Potted plants can be placed around and even on top of the access hatch to both mark and disguise it. Choose small to medium, lightweight planters that will be easy to move when you need to access the septic tank. Similarly, a small statue or another lawn ornament can serve this decorative and functional purpose. You can also purchase a decorative cover designed to fit over the hatch, turning it into a pretty convincing boulder.

5. Prepare and maintain

When preparing the soil around the septic tank, wear gloves and take care not to damage any part of the system. Disrupt the soil as little as possible, keeping tilling and cultivation to a minimum.

Do not lay down any weed barrier fabric, plastic sheeting, gravel, or thick bark mulch. A thin layer of topsoil is okay but refrain from adding more than a few inches. Ponds should not be installed near the septic system, and you’ll want to minimize foot traffic over the area, so route walking paths around it.

Remember that the tank may need to be pumped occasionally, which means workers and their maintenance truck will need easy access to it. Having chosen low-maintenance plants according to the tips above, you shouldn’t have much to do around the septic system once the plants have become established. Water the new plants as needed, but be careful not to overwater them. Too much water can contribute to soil compaction and backing up the septic system.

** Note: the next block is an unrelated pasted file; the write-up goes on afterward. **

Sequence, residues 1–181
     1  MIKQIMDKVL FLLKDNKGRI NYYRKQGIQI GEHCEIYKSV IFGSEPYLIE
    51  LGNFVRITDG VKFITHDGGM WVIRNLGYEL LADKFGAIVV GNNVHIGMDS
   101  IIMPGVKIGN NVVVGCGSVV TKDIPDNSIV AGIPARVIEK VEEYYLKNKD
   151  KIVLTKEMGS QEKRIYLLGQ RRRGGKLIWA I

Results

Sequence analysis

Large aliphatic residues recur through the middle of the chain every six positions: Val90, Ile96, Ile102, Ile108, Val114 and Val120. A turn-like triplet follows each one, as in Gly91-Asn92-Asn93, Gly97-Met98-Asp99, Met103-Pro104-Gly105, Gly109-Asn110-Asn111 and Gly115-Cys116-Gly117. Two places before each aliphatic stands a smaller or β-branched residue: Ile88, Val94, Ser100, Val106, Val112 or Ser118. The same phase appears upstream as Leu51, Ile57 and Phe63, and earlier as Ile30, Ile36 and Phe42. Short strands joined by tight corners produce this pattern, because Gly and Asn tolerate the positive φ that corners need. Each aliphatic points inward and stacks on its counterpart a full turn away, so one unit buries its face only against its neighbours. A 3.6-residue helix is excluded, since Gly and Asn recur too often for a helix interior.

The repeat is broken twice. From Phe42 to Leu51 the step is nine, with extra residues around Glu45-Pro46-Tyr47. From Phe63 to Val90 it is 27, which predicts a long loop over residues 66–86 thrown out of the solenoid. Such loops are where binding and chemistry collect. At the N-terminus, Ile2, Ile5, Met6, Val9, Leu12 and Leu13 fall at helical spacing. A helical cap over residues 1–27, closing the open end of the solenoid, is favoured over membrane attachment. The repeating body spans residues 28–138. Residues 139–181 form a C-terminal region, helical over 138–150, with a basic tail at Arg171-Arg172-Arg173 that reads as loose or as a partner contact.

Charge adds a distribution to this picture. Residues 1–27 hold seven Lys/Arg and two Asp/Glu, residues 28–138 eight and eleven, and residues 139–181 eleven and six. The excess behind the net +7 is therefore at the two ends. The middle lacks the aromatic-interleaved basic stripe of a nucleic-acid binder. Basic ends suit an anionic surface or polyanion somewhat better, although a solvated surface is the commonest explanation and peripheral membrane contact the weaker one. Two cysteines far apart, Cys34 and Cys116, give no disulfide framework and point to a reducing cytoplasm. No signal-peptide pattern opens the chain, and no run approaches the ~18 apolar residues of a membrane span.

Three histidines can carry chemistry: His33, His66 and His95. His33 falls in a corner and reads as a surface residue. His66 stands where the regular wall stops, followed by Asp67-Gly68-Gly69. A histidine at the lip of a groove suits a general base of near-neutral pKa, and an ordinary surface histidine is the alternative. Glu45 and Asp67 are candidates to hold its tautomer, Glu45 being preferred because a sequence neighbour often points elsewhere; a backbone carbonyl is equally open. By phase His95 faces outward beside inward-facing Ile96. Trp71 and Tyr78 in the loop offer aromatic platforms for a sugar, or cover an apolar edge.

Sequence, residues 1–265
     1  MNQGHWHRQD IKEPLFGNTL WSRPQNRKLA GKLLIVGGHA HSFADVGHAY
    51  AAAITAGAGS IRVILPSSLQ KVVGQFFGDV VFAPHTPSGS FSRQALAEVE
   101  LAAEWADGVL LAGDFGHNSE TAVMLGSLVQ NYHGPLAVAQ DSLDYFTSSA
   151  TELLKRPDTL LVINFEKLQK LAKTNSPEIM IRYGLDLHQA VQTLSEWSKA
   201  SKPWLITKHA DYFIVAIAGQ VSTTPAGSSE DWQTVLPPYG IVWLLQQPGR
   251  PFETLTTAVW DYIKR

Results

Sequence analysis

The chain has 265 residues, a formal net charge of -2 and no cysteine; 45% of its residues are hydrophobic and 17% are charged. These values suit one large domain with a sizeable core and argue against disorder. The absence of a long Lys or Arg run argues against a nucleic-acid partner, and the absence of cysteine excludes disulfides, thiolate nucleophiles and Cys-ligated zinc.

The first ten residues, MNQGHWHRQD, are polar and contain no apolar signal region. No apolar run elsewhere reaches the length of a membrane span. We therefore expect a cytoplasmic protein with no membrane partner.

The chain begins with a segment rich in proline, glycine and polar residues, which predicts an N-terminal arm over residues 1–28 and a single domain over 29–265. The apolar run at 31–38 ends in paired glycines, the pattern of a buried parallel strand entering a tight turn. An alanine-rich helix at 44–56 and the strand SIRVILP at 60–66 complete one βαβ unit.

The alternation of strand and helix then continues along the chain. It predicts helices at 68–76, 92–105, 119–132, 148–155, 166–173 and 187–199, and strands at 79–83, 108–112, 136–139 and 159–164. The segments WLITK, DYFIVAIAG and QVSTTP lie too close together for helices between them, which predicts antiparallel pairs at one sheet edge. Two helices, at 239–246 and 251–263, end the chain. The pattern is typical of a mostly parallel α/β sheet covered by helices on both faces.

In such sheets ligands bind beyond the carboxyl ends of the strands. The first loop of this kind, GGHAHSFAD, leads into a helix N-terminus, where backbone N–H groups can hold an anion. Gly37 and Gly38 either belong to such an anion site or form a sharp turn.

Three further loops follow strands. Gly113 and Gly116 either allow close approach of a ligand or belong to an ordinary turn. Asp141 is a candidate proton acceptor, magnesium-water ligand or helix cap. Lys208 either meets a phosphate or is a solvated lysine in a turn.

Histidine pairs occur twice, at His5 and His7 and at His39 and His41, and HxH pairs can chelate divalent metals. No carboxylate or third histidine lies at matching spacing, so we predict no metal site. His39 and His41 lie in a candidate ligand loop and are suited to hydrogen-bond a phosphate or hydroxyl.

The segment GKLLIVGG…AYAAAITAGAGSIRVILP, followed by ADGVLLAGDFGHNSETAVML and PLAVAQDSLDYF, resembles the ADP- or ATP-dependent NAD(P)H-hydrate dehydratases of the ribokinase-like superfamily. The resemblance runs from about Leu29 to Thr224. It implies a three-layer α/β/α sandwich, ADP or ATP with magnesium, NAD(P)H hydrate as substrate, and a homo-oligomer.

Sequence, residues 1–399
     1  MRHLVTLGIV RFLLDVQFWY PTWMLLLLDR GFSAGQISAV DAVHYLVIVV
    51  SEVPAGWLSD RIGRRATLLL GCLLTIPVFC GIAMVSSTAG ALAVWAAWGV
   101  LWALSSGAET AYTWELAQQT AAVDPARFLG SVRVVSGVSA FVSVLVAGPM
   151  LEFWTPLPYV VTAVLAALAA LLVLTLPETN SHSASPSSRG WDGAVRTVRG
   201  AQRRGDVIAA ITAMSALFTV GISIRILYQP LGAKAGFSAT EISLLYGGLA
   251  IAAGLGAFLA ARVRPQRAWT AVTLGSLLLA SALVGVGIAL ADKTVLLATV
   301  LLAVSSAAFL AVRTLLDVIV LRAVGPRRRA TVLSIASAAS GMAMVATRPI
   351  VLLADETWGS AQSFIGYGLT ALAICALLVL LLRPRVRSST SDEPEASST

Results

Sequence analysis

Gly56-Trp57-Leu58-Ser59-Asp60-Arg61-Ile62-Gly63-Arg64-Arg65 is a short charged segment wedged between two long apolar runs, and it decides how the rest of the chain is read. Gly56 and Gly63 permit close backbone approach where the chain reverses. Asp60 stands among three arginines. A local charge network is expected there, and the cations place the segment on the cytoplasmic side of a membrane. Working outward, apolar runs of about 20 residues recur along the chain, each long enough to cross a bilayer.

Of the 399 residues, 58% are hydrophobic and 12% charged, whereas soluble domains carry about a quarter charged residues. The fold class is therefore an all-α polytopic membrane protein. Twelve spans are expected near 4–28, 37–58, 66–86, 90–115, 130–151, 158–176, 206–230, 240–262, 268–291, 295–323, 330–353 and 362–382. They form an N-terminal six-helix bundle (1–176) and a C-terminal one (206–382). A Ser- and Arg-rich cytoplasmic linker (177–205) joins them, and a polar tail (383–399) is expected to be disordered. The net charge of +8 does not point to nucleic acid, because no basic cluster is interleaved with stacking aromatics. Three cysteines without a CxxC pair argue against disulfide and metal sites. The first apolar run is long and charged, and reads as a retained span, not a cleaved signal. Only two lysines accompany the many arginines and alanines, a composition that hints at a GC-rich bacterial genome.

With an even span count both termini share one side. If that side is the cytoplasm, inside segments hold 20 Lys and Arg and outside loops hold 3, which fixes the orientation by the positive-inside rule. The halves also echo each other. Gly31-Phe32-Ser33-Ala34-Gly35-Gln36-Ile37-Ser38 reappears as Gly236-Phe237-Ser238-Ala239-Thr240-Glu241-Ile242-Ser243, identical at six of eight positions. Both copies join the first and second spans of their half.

6. Put vegetables somewhere else

The flat, open septic field might look like the perfect place for a vegetable garden, but it definitely is not! The wastewater filtering through a drain field can contain bacteria, residue from household cleaning chemicals, and other harmful substances. These can end up in the plants growing on or near the septic system, thus contaminating any fruits, vegetables, or herbs.

Plus, vegetable gardens require frequent maintenance that could damage a septic system, and raised bed gardens can reduce evaporation, which is important for the septic system to work properly. Locate vegetable gardens, herb beds, fruit trees, and berry bushes well away from the septic system.

Properly landscaping around septic tank areas benefits the septic system and makes the area far more attractive. With the tips above in mind, you can install a beautiful, low-maintenance garden where there used to be only an unsightly septic field and access hatch.